Transgender Kids Need Parental Support & Here's Why

According to a study published in March in Pediatrics, transgender children who are supported in their transition have much better, more stable mental health than children who aren't. While there has been debate in the past about encouraging or allowing transition at an early age, this research refutes the purported damage of early transitions. It's clear that transgender kids need parental support.

The study was authored by Kristina R. Olson, Lily Durwood, Madeleine DeMeules, and Katie A. McLaughlin, and it provided much-needed research on children who have fully transitioned. Kristina Olson is an associate professor of psychology at the University of Washington. She spoke to NPR about her motivation for conducting the study. First, very little data exists on transgender children, despite the prevalence of LGBTQ issues in the news and the rapidly changing opinions and attitudes toward transgender people.

She said in her interview with NPR, "Forty years ago everyone considered this to be a pathology." It was even known as "gender identity disorder" until recently; it's since been changed to "gender dysphoria" in psychology manuals and textbooks. Olson felt that the mental health statuses of transitioning children were being skewed by the fact that data was only being collected after they had sought out mental health treatment. So, for her study she decided instead to go to the children to get more accurate data on their experience. She and her team reached out to transgender and non transgender prepubescent kids age 3 through 12 through the TransYouth Project.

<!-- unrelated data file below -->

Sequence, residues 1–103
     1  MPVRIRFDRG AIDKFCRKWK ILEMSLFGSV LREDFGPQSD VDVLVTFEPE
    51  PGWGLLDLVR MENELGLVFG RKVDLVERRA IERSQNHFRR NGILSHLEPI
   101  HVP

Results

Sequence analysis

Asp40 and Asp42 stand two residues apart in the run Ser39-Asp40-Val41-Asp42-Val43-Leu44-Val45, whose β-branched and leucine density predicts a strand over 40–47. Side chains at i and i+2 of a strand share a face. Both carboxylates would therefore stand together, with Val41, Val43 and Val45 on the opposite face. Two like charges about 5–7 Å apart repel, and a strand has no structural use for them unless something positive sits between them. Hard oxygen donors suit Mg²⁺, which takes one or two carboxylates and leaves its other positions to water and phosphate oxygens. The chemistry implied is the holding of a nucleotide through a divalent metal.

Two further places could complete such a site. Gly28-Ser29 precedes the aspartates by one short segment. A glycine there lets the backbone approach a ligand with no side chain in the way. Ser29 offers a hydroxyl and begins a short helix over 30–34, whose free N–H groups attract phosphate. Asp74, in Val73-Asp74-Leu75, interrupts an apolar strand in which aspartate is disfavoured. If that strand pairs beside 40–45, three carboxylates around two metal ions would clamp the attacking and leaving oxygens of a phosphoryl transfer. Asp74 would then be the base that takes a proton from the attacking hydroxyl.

According to the study, "Previous work with children with gender identity disorder (GID; now termed gender dysphoria) has found remarkably high rates of anxiety and depression in these children." Transgender children were known to be more anxious and suffer from depression more often than non transgender children. What this study discovered is that does not have to be the case. Olson and her team focused on children whose families were supporting them in their decision to transition, rather than trying to "cure" them of it. Olson said, "They had exactly the national average for depression. They are no more or less depressed. They show a marginal, like, a tiny bit of an increase in anxiety, but nowhere near the rates that previous work has found." What this research proves is the mental health issues that have been rampant in the transgender youth community are not a foregone conclusion, but rather a result of feeling alone, different, and unsupported. To continue her research, Olson plans on tracking the lives of these children to see what happens to their mental health as they grow up.

With the amount of violence, fear, and misunderstanding aimed toward the LGBTQ community of late, this is a very welcome message, and one that parents should take to heart.